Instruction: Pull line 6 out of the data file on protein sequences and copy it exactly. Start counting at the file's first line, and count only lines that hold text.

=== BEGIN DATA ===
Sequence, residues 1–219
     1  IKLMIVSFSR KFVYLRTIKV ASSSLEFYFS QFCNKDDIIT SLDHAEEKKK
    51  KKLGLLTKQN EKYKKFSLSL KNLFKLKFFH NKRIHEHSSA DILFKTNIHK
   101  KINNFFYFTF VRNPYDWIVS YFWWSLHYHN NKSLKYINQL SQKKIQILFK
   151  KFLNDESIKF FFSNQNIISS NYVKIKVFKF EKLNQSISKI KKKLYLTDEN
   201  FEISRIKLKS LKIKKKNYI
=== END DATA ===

   201  FEISRIKLKS LKIKKKNYI